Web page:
From “white guy blinking” to “crying Michael Jordan,” thousands of GIFs have been sent out from the stables of GIPHY, an unassuming tech-giant housed in Lower Manhattan.
These brief seconds-long moving images used in texts, tweets, emails and Instagram feeds as a way of visually communicating emotions have been adopted universally, said co-founder Alex Chung.
“Anytime you send a GIF that's most likely from us. And anytime you see a GIF it's most likely from us,” he told “Nightline.”
With over 300 million daily users, the burgeoning tech company is estimated to be worth $600 million. The co-founders said that the initial purpose was to help people communicate.
“It’s turning into entertainment because communication and entertainment sort of map together. Emojis or emoticons weren't really getting at the lifelike aspects of communication,” Adam Leibsohn, the company's chief operating officer, told “Nightline” co-anchor Dan Harris.
GIFs are not an entirely new creation as what many consider to be the first GIF was released in 1987. The first viral GIF -- pronounced gif with a hard "g", not jif -- was “the dancing baby.” Human impatience, according to experts, is partly behind their success.
“It used to take you 10 minutes to explain what you were talking about," Chung said. "Now, you can do it in a couple of seconds."
The average human attention span is just 12 seconds, scientists say.
Sherry Turkle is a professor of Social Studies of Science and Technology at Massachusetts Institute of Technology (MIT), and she studies people’s relationships with technology.
“They are serving a very important service, the trouble is, you start to get attached to your GIFs," said Turkle. "You can forget how much you’re not communicating, how much you’re using a kind of avatar of yourself and sending it out there and hoping that avatar does the work for you."
It’s not just a potential loss of interpersonal skills that has some critics worried about the rise in popularity of GIFs. As we farm out our emotions to GIFs and memes, some say that communicating in short-form leads to stereotyping, generalizations and, ultimately, a form of cultural appropriation.
“The internet likes things that are exaggerated, that are over-the-top. And, so, when you already have a group of people that are stereotyped for being over-the-top you meet that with the internet and it just -- you know -- it goes viral all the time, and it's super exhausting,” writer Lauren Michele Henderson told “Nightline.”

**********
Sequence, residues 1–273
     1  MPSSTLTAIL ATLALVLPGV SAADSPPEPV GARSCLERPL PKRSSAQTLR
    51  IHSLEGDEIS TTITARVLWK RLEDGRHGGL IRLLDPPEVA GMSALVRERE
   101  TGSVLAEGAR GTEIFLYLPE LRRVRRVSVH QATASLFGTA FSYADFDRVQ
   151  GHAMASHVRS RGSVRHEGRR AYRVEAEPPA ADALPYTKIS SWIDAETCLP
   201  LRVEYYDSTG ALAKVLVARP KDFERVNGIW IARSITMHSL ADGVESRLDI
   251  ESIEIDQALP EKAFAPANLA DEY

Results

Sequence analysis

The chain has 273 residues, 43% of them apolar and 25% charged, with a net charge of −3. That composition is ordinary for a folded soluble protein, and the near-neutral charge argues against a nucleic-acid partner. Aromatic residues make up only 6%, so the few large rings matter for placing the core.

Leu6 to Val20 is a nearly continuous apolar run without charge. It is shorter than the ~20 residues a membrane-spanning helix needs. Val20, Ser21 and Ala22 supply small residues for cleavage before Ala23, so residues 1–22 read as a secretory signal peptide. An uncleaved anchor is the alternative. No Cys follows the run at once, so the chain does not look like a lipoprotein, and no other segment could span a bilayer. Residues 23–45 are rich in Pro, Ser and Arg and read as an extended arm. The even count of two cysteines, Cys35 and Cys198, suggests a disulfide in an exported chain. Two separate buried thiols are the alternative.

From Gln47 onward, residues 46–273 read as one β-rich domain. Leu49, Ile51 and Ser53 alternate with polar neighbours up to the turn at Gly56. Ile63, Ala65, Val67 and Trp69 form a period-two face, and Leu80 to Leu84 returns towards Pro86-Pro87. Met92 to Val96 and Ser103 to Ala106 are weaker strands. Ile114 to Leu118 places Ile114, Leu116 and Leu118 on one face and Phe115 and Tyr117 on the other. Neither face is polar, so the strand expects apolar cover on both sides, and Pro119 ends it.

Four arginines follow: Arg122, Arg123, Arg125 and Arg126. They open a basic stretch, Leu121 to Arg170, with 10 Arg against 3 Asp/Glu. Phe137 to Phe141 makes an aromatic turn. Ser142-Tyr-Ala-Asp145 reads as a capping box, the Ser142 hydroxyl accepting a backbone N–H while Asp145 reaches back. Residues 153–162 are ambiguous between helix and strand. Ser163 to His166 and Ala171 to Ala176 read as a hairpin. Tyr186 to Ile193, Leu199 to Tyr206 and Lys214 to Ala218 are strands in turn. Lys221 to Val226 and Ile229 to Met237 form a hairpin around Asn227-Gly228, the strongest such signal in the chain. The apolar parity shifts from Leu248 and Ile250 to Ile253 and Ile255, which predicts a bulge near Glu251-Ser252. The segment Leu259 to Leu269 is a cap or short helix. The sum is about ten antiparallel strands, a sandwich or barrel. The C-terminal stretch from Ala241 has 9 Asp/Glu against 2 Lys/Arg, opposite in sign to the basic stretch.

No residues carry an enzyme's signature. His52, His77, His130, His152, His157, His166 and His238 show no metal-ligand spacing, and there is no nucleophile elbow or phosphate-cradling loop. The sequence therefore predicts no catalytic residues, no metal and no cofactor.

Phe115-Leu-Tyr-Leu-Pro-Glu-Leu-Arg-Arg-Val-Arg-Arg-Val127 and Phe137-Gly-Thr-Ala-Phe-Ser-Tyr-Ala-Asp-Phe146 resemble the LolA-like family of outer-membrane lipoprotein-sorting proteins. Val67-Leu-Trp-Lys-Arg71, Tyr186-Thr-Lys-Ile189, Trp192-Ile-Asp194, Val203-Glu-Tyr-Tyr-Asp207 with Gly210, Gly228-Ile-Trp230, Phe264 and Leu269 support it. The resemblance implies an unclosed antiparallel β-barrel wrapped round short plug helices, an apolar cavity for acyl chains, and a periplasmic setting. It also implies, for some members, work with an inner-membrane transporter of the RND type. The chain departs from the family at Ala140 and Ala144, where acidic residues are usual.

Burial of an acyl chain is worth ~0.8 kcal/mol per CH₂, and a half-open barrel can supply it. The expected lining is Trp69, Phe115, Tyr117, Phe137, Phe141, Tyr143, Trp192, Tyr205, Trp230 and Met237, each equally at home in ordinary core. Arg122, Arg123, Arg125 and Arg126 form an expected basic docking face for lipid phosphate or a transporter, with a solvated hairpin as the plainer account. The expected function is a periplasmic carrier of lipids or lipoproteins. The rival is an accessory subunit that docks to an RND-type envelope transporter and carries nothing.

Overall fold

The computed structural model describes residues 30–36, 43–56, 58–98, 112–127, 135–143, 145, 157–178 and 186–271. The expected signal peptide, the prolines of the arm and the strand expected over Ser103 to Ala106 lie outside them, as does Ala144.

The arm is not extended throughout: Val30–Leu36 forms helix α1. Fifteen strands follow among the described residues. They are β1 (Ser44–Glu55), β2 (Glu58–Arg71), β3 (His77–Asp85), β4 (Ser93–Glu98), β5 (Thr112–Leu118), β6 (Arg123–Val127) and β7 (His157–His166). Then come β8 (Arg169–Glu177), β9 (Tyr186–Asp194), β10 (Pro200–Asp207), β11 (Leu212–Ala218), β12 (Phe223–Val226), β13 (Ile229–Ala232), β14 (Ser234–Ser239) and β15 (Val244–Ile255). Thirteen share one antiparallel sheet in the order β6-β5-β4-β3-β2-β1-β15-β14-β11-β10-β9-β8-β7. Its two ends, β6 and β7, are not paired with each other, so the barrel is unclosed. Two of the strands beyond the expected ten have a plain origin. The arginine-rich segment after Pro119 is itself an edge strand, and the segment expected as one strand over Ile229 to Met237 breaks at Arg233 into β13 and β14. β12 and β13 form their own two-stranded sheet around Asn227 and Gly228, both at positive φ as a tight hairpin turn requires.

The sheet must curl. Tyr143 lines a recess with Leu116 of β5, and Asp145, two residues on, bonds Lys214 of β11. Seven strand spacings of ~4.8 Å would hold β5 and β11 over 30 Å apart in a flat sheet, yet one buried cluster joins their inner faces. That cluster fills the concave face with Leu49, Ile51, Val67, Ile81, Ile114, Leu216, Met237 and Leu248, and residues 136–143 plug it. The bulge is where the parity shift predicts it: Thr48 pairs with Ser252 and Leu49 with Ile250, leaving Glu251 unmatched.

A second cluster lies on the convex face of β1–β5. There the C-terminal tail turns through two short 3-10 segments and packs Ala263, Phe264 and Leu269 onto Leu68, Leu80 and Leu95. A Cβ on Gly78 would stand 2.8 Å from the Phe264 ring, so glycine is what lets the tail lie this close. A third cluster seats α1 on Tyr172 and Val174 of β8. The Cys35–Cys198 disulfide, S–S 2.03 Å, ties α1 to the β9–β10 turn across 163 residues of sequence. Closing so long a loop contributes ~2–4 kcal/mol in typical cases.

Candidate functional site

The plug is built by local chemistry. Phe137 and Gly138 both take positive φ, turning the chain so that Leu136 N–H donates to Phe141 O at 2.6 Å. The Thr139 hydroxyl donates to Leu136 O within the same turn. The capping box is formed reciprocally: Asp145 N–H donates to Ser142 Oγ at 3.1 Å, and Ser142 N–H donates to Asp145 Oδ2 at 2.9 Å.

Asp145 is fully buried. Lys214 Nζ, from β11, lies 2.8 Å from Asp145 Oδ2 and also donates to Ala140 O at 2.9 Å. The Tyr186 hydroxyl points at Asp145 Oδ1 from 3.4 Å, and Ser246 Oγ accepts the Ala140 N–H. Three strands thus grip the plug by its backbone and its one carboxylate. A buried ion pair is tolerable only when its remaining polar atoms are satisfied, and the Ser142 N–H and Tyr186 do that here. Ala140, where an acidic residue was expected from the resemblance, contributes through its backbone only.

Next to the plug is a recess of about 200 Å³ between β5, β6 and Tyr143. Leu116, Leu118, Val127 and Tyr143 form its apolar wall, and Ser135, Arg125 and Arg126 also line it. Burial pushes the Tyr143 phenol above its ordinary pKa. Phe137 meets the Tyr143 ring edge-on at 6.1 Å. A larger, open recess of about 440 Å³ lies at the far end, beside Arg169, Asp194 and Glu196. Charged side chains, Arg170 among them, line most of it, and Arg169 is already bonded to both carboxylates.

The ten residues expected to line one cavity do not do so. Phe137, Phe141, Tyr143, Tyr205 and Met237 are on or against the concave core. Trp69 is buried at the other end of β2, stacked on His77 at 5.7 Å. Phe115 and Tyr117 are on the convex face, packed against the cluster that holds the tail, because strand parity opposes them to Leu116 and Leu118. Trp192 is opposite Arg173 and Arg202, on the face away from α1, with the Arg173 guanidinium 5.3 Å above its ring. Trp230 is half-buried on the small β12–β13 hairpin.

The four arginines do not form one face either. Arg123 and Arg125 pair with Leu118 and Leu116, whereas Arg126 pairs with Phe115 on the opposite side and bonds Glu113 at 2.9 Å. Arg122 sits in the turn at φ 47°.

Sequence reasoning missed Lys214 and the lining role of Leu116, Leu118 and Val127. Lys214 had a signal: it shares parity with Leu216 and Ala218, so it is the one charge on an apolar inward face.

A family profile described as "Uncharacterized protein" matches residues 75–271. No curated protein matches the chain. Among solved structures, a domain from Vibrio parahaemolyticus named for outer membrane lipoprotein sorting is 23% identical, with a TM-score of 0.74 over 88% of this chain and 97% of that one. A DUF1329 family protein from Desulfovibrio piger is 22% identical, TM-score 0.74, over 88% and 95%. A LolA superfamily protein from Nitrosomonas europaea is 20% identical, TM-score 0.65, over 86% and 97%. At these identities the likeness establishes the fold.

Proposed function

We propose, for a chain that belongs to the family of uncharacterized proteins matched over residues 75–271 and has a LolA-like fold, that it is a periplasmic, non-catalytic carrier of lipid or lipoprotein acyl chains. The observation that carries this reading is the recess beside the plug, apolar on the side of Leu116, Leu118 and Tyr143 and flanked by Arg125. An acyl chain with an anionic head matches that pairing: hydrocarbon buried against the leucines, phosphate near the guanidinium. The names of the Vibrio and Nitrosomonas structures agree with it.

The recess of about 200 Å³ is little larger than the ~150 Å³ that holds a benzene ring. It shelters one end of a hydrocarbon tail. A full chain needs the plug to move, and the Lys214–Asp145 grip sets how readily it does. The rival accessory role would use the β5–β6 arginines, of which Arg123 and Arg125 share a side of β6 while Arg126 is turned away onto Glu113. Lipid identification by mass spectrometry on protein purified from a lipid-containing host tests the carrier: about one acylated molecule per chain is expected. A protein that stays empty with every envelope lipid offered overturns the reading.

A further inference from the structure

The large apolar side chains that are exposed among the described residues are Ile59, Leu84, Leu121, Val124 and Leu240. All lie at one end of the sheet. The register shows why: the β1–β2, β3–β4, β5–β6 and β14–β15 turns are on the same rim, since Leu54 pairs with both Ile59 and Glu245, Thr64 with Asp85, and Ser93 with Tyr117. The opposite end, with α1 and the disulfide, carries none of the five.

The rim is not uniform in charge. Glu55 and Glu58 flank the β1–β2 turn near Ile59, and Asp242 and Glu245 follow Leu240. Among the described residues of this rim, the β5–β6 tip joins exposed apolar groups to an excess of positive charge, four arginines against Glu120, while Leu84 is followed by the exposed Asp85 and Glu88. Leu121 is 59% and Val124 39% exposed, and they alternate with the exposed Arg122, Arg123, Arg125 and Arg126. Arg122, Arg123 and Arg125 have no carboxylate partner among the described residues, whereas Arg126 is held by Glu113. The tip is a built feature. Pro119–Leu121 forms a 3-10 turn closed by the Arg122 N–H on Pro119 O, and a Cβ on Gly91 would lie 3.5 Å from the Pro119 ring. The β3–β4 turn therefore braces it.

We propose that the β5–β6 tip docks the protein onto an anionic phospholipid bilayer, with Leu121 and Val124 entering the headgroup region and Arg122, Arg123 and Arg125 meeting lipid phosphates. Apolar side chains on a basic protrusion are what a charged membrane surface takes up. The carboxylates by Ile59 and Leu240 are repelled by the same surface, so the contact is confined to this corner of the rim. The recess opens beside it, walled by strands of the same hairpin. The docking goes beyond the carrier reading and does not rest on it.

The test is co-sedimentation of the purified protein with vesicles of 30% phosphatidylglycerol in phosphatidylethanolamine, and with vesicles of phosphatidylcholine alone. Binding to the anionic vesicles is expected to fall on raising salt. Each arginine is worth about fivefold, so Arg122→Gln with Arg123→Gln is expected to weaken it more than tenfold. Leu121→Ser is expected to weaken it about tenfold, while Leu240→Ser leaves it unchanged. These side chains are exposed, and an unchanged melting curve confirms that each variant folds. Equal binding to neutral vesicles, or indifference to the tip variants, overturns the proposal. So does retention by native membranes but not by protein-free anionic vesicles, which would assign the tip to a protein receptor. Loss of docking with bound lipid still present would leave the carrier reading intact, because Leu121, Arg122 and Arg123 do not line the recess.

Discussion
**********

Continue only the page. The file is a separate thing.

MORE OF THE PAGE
She sees this phenomenon as a digital blackface of sorts, in which users use the relative anonymity of an online, disparate identity to embody another culture. In writing on the topic for Teen Vogue, she notes instances in which users frequently use GIFs of black women to connote emotions stereotypically thought of with black women; for instance, anger, drama, shade, or sass.
“When you start to represent people in these cookie cutter ways, and they're not afforded the full range of humanity," she added. "I mean -- that is racism -- that looks like racism."
GIPHY co-founders said that the solution to this issue is to add a greater diversity of GIFs and memes so that users have more choices.
“Any time there is a culture put out, other cultures will appropriate the culture and it becomes something -- it becomes part of mass culture,” said Chung. “I definitely do think there is a responsibility for media companies to look at what they're doing and how they are a citizen in this kind of community.”
The company has had a few snafus. Earlier this year, a racist meme slipped onto its platform.
"That was a bug in our moderation filter. Once we found [it], once we were alerted to that piece of content, we took it out immediately, within minutes, and then we did an entire review of our entire moderation system,” said Chung.
At the core, GIPHY is a search company that uses paid search and promoted search to monetize its GIFs.
“We modeled ourselves after the Google model. Google invented ad sense, the most profitable business model on the internet. And we do the exact same thing that Google does,” said Leibsohn.
GIPHY’s success has led to thousands of corporate partnerships with companies like Netflix, Hulu, Comedy Central, and the NFL having their own channels. They partner with the Oscars to create live reactions. And in a new effort to create their own content, GIPHY works with studios and labels to have celebrities drop by their studios in New York City and Los Angeles to create original content.
“Ideally, anyone who's making really culturally relevant content that people are going to want to see or watching their television -- they are going to want to see that represented in GIFs,” explained Leibsohn.
Both avid readers said that GIFs were not meant to replace long-form or solve delicate conversations with nuance.
“It's totally possible, but we're not trying to replace things that are really useful," said Leibsohn. "We're trying to add to the new ways that people are using technology."